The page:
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Central Bank keeps benchmark interest at 2% a year


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After a long spell on the wane, the Central Bank decided to keep the benchmark interest rate of the economy at the current two percent a year. The decision of the Monetary Policy Committee (Copom) was unanimous at the meeting ending Wednesday (Sep. 16). The decision to retain the rate at this level, the lowest since 1986, was expected by financial analysts, who believe the Selic is likely to remain at this value until the year is over.

In a note, Copom announced the inflation is expected to rise in the short run, especially as a result of the temporary hike in food prices and the partial normalization in the price of some services, as part of the resumption of the economic activity. “The committee understands this decision [of maintaining the Selic as it is] reflects its basic backdrop and a balance in risks with more fluctuation than usual for prospective inflation. The [move is thought to be] compatible with the convergence of the inflation towards the target on the relevant horizon, which includes the year 2021, and, to a lower extent, 2022,” an excerpt of the note says.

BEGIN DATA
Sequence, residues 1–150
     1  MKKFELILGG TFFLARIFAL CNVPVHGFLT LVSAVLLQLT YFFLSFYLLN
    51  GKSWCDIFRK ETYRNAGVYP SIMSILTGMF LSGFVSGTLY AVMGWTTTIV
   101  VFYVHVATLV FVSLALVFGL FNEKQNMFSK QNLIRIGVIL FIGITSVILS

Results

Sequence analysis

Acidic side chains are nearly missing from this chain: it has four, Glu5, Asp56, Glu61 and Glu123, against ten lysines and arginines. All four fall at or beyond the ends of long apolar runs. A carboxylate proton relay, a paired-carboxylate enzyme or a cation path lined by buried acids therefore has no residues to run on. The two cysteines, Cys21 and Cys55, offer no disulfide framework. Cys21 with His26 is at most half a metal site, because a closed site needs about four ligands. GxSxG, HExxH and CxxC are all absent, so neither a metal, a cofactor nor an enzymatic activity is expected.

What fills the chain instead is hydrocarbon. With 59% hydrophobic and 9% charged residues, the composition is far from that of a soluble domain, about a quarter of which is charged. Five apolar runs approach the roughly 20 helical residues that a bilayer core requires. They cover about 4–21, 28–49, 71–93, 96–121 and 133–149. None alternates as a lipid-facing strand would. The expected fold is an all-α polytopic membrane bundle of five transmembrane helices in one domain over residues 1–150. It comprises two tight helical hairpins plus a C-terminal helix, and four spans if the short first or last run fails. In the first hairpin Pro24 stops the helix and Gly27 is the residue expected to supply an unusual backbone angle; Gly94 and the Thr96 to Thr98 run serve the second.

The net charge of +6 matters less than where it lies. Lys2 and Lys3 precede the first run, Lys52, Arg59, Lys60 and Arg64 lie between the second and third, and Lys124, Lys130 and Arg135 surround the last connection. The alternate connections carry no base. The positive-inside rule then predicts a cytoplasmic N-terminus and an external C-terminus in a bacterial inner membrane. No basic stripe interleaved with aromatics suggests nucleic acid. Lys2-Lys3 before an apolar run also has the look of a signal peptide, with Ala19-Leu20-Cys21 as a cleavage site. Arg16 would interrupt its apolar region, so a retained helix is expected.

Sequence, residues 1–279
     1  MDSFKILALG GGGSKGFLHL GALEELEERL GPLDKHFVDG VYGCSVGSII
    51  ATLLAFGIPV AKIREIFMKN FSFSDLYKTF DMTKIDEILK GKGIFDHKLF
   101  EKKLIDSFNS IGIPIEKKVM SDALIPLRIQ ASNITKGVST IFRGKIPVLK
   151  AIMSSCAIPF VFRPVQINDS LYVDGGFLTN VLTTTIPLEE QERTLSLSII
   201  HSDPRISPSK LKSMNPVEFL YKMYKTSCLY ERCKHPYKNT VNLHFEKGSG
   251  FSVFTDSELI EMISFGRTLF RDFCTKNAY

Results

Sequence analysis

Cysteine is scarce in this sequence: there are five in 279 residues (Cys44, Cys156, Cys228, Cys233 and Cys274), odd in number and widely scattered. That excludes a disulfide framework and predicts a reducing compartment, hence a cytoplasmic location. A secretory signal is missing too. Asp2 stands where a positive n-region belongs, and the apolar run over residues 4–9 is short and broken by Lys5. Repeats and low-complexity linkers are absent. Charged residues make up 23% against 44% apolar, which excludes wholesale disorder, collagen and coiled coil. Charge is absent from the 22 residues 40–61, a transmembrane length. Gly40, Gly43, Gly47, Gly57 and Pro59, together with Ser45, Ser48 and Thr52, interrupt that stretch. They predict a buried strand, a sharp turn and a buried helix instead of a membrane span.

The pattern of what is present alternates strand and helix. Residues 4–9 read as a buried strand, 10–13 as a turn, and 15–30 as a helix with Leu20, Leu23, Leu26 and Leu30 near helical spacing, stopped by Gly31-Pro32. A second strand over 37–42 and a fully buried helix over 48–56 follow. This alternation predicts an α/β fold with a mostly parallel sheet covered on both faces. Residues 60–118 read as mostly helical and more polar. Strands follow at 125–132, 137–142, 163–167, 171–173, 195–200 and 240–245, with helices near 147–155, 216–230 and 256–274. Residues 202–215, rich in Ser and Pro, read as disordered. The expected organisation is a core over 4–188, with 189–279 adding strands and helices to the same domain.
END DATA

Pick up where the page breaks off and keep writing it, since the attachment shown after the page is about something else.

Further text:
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On future adjustments to the benchmark rate, the committee mentioned that any possible changes will take place piecemeal and hinge on how public accounts are performing. “The economic landscape continues to require a monetary stimulus extraordinarily elevated, but we acknowledge that, due to prudential issues and issues of financial stability, the remaining space for the use of the monetary policy, if any, must be small,” the communication reads.

Inflation


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Selic is the main tool used by the Central Bank to curb the official inflation, as gauged by Brazil’s National Broad Consumer Price Index (IPCA). The indicator closed out the 12 months ending in August at 2.44 percent. The rate had been facing a slowdown since July, but is still below the minimum level of the target set by the National Monetary Council (CMN), which is four percent this year with a tolerance margin of 1.5 percent.

The target for 2021 was fixed at 3.75 percent, also with a tolerance interval of 1.5 percentage points, plus or minus.

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